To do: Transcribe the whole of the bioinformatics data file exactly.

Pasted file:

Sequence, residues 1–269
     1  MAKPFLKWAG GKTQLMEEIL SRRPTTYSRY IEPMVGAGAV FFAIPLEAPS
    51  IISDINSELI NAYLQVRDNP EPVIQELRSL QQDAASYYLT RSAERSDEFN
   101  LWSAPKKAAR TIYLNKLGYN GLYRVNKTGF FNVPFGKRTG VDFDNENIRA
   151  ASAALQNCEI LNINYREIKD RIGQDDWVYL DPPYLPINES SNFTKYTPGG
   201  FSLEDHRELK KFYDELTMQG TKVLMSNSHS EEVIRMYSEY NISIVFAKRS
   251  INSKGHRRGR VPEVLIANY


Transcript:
Sequence, residues 1–269
     1  MAKPFLKWAG GKTQLMEEIL SRRPTTYSRY IEPMVGAGAV FFAIPLEAPS
    51  IISDINSELI NAYLQVRDNP EPVIQELRSL QQDAASYYLT RSAERSDEFN
   101  LWSAPKKAAR TIYLNKLGYN GLYRVNKTGF FNVPFGKRTG VDFDNENIRA
   151  ASAALQNCEI LNINYREIKD RIGQDDWVYL DPPYLPINES SNFTKYTPGG
   201  FSLEDHRELK KFYDELTMQG TKVLMSNSHS EEVIRMYSEY NISIVFAKRS
   251  INSKGHRRGR VPEVLIANY